Jotun, from Thunder Lotus Games, is an amazing game, at least in my estimation.  Now, I’ve mentioned before that I believe that video games are great and everyone should play them, but that doesn’t mean that all video games, even great ones, are of value to analyze to help a writer on their way.  Jotun is not like most games though, so we are going to take a look at what it can teach us as writers today.  We’ll take a look at the characters, plot, pacing, and style.

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Monday Musings: Inclusiveness, the Lifeblood of Creativity

Right, so the 2015 Hugos happened.  I was considering writing an article in greater specificity about what happened there, but there are far better sources of information out there than I.  Still the whole kerfluffle set my mind to musing which led to this article that wot is here now.

Variety is the spice of life, right?  It’s a hackneyed phrase, but it really is true.  If we continue in a rut or move through a continual unchanging cycle, life gets boring.  I don’t think that’s really something that can be debated, at least seriously.  The same thing connects into art and creativity.

Yes, you can create the same things continuously, using the same ideas you always have, but there are only so many configurations you can put those blocks into.  You might think this statement conflicts with some of my other articles about the core conflicts and the total number of plot lines out there and the like, but, as I also said in those articles, the way to innovate those core conflicts and plots is with new twists and new interpretations.  In other words, new ideas.  Variety.

How do we find this variety in thought and experience?  We include.  We welcome new points of view, new people, and new cultures.  This really heralds back to the terrors of the echo chamber.  Our creativity stagnates if all we listen to, all we read, all we experience comes from those with our same backgrounds and our same ideas.  To expand our creative bounds means stepping outside of our cultural bounds, to seek to understand the ‘other’.

So, if you don’t include others, don’t try to grasp the important of understanding, and never step outside of your comfort zone, expect your creativity to stifle and your writing to wilt.  We won’t even talk about the social and emotional complications.  The world is moving forward, slowly and lurchingly, to a state of equality and understanding.  I’d reserve yourself a ticket if you haven’t already.

Writing Is A Bad Habit: The Eight Deadly Words a.k.a. Creating Character Investment

“I don’t care what happens to these people.”

These eight deadly words comprise the sentence you never want your readers to utter.  It is the death knell of creative character-driven media of all kinds.  If the readers don’t care about your characters, they won’t care about your narrative either.  It’s important to note that ‘caring’ about characters does not always equate to ‘liking’ them.  A reader might like a character, but not be invested in them and, to flip it around, a reader might hate a character but be totally entranced by their actions.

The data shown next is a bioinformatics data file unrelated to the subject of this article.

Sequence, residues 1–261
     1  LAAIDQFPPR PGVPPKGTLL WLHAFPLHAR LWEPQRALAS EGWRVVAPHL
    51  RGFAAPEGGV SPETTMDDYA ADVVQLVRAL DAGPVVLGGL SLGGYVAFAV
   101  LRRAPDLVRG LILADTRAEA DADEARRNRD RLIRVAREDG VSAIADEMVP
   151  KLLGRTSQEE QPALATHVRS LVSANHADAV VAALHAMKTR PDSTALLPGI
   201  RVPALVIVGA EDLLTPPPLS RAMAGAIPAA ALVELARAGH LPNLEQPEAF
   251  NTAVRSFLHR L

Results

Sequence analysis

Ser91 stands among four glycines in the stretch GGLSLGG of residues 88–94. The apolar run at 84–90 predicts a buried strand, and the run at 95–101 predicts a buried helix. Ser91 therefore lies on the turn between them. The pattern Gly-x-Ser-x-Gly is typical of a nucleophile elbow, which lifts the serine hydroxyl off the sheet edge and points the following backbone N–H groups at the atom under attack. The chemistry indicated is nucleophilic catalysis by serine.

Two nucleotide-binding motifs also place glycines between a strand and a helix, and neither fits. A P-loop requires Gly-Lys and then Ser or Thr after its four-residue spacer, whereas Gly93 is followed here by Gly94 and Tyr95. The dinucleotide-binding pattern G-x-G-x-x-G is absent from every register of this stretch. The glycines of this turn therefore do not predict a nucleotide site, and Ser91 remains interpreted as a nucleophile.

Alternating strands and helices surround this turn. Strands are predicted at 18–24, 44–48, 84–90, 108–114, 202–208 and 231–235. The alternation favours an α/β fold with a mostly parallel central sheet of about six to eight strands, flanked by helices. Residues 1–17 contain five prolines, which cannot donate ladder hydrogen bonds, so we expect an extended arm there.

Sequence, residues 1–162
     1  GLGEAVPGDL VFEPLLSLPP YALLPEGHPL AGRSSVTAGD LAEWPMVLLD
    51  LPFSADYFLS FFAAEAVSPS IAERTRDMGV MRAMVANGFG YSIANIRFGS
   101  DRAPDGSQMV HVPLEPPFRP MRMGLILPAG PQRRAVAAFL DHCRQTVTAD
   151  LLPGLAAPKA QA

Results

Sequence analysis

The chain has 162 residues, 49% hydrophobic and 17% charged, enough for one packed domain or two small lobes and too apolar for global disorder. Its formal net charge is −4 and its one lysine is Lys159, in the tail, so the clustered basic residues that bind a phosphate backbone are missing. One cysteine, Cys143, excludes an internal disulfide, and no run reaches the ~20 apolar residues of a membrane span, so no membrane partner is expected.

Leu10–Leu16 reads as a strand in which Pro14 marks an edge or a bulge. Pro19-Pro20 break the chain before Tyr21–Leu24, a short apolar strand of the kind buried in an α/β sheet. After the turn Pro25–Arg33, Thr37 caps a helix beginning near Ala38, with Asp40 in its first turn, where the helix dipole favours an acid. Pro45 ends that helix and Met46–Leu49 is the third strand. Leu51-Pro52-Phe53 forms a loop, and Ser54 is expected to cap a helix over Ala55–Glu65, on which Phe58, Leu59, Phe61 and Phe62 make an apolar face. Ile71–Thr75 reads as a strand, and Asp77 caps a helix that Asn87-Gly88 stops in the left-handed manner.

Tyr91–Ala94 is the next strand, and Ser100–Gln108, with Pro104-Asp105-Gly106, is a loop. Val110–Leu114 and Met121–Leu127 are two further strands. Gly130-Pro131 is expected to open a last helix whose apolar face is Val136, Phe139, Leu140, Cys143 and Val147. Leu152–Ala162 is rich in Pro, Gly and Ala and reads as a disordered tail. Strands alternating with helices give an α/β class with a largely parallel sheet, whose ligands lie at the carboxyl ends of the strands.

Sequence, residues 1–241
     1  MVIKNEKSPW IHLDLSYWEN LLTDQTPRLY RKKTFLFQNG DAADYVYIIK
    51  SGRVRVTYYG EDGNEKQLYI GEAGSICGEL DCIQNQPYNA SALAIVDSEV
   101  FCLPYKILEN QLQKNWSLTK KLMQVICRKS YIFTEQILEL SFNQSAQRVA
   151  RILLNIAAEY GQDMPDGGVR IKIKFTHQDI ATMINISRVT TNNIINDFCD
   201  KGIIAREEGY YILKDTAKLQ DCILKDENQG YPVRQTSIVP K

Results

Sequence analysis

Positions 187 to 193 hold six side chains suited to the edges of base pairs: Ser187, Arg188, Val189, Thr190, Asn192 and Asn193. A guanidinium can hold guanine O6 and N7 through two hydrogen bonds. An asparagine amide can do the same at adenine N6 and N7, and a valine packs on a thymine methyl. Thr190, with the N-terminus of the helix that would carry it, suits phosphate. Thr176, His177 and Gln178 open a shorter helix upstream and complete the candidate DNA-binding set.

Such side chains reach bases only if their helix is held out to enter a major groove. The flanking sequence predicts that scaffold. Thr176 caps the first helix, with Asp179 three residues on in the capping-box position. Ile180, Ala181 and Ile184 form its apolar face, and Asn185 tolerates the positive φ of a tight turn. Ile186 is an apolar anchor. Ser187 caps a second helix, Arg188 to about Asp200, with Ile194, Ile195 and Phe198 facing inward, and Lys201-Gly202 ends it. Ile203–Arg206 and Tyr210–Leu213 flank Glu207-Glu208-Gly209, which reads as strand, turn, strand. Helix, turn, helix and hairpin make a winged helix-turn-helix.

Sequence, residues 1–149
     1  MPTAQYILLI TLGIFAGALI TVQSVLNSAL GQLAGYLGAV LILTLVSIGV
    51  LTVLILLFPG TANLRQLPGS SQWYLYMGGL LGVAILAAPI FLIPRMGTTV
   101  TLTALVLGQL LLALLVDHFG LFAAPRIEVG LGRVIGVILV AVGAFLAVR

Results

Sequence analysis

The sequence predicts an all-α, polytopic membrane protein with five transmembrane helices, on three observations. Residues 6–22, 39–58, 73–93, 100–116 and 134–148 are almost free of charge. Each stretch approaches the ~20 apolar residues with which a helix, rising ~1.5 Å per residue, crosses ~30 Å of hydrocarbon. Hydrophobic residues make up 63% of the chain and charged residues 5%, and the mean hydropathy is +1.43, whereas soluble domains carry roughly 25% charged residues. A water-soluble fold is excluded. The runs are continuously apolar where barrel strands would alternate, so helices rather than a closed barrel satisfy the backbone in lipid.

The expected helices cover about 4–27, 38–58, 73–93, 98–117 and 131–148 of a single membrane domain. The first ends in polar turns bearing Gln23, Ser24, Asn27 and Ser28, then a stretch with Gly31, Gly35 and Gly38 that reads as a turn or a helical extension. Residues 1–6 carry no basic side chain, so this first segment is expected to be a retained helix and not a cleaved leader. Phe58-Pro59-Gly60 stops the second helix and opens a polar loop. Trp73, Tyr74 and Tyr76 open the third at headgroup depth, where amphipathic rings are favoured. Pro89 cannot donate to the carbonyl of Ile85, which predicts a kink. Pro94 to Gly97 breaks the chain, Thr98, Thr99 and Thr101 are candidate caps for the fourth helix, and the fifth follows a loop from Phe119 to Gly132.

So how do we combat this and avoid those eight words?  The first and most obvious step is character relatability.  Again, a relatable character doesn’t have to be liked or disliked, just understandable.  We’ve talked about this quite a bit, but it never hurts to reiterate this.  Characters need to have motivations, thoughts, and feelings that make sense.  If these things make sense to your audience, they will relate to the characters and, likely, become invested in them.  It’s the classic ‘we like what we understand’ thought in action.

There are other things we should do to create this needed investment.  Another way to create that ‘caring’ from the reader is to ensure that there is sufficient risk in the plot line, that there are stakes to the conflicts involved.  Not just stakes, but stakes that fit the conflict involved.  If there is no risk or stakes or drama connecting the plot and the characters, there’s no compelling reason for the reader to become invested in the plot, no matter how they feel about the characters.  Yes, you can have a fully character-driven scene or story, with no real tension from the plot, but that won’t sustain a full-length novel very well.

I think the ‘appropriate stakes to the conflict’ part is something that is often a stumbling block.  Not that you can’t sometimes overblow the stakes, hinging lives on a stand-up comedy routine as an example, but it’s usually best to keep them under wraps.  You especially can’t understate the stakes.  The stakes to a gunfight, for example, needs to, at the least, be the lives of the protagonists, if not more, otherwise there is no tension and no investment.  Risk, sacrifice, and threat are all vital to creating that investment we all desire, be it physical, emotional, spiritual, or social.

What techniques and elements do you use to ensure that your readers care?  If you’re just a reader, what do you look for in the characters that you do invest it?  Let me know in the comments below!

Until next time, good reading, good writing, and good luck!